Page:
epilepsy

A new study has more closely examined the link between epilepsy and aging. Unfortunately epilepsy is growing quickly among the elderly population; a population which already faces many health concerns. Four studies have recently concluded to share the exploration of the effects of epilepsy on brain function.

Basically, the studies showed that, using MRI scans, it is possible to detect an older brain age among epilepsy patients than of healthy patients.

“The absence of similar changes in patients with new-onset epilepsy suggests that ongoing seizures may underlie the brain aging phenomenon observed in this study. This technique could potentially be used to identify individuals with intractable epilepsy early in the course of their disease, and may also be useful for other applications like measuring the protective effect of antiepileptic medication,” explains New York University Langone Medical Center assistant professor of neurology Heath Pardoe, Ph.D.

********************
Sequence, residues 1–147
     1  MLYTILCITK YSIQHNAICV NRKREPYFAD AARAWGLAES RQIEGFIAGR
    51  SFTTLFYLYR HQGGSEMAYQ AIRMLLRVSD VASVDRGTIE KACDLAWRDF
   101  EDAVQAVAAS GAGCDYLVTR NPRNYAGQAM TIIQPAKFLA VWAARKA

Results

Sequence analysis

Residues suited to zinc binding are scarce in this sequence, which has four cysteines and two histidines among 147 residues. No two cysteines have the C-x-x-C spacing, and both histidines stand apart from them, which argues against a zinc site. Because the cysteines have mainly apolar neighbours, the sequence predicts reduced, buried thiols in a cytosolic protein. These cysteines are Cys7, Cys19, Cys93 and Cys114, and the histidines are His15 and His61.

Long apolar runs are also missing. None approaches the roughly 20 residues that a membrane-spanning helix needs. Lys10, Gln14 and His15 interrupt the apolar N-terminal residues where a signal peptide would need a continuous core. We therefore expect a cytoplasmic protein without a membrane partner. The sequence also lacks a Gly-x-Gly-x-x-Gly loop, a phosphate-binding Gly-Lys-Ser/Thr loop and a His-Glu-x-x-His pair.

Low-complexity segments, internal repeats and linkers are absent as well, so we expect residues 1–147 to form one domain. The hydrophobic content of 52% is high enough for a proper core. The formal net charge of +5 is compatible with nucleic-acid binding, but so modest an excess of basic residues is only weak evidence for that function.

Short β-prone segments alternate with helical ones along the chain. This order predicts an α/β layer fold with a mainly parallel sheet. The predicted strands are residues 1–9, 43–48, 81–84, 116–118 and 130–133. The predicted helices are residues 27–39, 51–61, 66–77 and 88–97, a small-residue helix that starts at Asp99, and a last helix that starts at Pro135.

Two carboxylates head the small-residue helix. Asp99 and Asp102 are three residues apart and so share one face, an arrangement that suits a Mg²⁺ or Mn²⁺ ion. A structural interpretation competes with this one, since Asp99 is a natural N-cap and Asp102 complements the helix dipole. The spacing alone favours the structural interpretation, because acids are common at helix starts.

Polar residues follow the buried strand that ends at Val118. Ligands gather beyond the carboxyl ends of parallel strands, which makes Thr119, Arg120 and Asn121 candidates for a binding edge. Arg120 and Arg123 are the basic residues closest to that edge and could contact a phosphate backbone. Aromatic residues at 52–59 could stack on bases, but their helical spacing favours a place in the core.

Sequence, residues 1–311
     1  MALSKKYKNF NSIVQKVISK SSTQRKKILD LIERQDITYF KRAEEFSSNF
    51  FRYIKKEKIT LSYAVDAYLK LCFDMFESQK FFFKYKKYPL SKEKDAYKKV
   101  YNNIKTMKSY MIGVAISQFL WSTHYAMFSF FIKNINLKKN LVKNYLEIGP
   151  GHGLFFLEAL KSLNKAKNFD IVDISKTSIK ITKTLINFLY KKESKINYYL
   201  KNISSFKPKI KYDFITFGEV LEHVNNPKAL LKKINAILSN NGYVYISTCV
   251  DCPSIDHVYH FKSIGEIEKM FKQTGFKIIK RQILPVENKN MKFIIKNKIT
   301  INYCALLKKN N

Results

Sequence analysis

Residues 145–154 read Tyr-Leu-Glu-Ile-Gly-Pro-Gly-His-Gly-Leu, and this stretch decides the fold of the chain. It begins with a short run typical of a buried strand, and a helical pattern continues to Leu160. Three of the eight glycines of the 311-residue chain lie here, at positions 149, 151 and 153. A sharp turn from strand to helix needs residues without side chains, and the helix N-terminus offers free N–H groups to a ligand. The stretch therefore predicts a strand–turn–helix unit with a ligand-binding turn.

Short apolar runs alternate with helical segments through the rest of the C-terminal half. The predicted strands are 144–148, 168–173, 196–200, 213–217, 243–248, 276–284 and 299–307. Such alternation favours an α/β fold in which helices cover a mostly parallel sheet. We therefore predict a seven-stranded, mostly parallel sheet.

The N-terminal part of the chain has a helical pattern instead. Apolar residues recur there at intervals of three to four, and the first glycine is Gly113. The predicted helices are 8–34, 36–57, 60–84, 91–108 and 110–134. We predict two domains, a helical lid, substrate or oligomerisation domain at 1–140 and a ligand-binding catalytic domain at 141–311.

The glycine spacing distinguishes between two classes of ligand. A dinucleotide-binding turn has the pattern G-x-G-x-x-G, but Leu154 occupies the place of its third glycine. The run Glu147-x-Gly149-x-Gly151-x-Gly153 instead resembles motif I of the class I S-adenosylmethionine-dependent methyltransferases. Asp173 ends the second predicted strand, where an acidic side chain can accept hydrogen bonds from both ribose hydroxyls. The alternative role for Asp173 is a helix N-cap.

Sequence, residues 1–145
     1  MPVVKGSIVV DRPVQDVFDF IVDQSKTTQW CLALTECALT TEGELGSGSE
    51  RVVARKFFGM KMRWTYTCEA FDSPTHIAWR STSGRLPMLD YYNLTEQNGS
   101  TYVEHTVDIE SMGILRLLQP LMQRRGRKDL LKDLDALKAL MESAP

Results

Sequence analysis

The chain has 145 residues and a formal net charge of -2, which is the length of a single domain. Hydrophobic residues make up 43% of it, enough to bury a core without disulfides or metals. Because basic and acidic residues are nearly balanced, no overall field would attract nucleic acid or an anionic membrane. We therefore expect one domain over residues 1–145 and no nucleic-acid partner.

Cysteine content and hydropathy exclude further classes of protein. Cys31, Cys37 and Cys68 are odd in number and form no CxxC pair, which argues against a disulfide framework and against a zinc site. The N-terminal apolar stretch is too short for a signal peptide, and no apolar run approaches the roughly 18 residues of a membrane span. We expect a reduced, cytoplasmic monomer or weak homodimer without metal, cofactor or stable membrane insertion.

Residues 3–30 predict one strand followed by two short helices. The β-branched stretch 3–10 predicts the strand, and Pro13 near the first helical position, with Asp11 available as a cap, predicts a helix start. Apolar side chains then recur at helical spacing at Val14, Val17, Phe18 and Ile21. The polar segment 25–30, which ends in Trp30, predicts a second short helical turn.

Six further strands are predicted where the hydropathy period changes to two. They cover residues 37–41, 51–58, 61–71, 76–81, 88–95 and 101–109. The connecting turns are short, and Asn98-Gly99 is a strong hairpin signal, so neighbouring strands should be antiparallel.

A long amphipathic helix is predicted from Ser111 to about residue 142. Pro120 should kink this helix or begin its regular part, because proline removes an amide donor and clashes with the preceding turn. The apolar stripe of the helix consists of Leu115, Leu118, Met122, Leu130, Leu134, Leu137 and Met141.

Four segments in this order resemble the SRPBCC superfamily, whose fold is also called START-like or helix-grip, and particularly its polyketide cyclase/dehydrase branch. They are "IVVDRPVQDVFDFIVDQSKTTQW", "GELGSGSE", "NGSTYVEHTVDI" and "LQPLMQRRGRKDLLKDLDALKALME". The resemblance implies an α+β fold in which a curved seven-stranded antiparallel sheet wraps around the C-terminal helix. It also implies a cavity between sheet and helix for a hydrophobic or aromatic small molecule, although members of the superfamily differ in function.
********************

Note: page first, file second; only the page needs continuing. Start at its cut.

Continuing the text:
In addition, study author Matti Sillanpää, M.D., Ph.D., comments, “Despite having excellent seizure outcomes, the subjects proved to have abnormal neurologic signs, including markers of cerebrovascular disease.” The University of Turku professor and senior research scientist continues, “This is an excellent opportunity to show, in further follow-up investigations, whether or not the markers of cerebrovascular diseases predict future stroke and cognitive impairment.”

Finally, Dalhousie University professor in the division of neurology, departments of pharmacology and psychology and neuroscience, Bernd Pohlmann-Eden, MD, PhD, comments, “We had postulated that ‘epilepsy in the elderly’ was conceptually irrelevant and would need to be replaced by a cause-driven sophisticated classification system in the aging brain. However, our small group data comparison trial confirms that our understanding in which way individually documented MRI findings in the aging brain predispose to seizure recurrence is currently entirely speculative.”

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